Jesus and Small Congregations

I went out for a pint with this guy last week and had an interesting conversation over the recent discussions on this blog regarding the pastorate.

He made an interesting point with John 10. There, Christ talks about the shepherd and his flock. 10:3-5 says:

3The watchman opens the gate for him, and the sheep listen to his voice. He calls his own sheep by name and leads them out. 4When he has brought out all his own, he goes on ahead of them, and his sheep follow him because they know his voice. 5But they will never follow a stranger; in fact, they will run away from him because they do not recognize a stranger’s voice.”

The key to this passage is that Jesus knows his sheep and vice versa. How can this be true of a church where the size of the congregation is over 1,000? In those contexts, the only people that pastors get to know are the leadership team and those contemplating suicide.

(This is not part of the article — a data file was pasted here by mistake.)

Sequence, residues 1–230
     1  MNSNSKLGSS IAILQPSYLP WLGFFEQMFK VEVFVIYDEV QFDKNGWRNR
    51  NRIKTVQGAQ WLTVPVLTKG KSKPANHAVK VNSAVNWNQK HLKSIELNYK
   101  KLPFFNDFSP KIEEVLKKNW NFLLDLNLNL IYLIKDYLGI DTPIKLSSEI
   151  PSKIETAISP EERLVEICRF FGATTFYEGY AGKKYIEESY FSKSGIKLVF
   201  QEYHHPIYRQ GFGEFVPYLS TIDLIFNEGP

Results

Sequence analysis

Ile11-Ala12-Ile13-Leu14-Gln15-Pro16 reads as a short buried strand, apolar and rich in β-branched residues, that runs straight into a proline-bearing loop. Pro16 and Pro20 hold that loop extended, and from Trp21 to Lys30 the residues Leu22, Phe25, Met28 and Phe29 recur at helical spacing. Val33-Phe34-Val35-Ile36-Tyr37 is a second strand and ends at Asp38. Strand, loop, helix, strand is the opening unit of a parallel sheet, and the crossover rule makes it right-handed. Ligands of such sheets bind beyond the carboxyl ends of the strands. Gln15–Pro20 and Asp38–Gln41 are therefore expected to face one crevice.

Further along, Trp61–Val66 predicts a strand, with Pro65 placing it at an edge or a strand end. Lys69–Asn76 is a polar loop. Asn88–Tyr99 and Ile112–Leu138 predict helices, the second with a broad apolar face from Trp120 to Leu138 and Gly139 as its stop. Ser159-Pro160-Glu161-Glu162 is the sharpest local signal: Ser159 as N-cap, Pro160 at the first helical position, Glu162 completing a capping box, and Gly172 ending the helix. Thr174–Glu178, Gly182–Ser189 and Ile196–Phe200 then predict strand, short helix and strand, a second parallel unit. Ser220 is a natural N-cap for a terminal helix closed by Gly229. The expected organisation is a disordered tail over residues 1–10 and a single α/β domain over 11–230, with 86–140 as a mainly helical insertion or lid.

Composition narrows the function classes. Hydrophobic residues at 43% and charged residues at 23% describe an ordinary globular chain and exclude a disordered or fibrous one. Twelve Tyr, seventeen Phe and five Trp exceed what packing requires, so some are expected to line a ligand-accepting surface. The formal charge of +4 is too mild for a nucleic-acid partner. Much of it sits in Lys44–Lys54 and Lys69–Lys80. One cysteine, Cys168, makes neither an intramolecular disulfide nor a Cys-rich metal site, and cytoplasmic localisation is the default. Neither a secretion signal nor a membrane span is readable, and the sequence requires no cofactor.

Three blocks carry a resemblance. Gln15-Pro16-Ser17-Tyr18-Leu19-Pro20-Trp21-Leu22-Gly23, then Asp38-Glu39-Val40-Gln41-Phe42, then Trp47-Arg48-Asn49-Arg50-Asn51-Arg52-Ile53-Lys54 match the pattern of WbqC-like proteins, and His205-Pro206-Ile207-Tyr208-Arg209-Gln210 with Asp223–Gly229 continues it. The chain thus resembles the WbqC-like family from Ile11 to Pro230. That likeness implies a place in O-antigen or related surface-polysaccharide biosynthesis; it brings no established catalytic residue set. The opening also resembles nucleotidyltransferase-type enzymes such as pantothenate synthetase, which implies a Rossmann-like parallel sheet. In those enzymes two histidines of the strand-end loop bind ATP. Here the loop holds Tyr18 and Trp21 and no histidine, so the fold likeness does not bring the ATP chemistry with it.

Tentatively, I’d like to see a movement back towards small congregations. It is much easier in these contexts for pastors to actually function like pastors. There aren’t the same temptations to adopt a business model to deal with the increased intake (e.g. you wouldn’t have to go through the headache of purchasing a new building). Given Malcolm Gladwell’s research in The Tipping Point that the maximum number of people for a group to function effectively and happily is 150, I’d recommend that growing churches plant new churches if their numbers rise instead of building a centralized beast.

Eugene Peterson is a sage for these issues. In an interview I read recently, Peterson said that he would never allow his congregation to grow over a number where he felt he didn’t know everyone anymore. Peterson embodies John 10:3-5. No wonder he’s called “the pastor’s pastor.” Perhaps Peterson should replace Leithart as the patron saint of this blog … but Andrew would probably have an issue with that.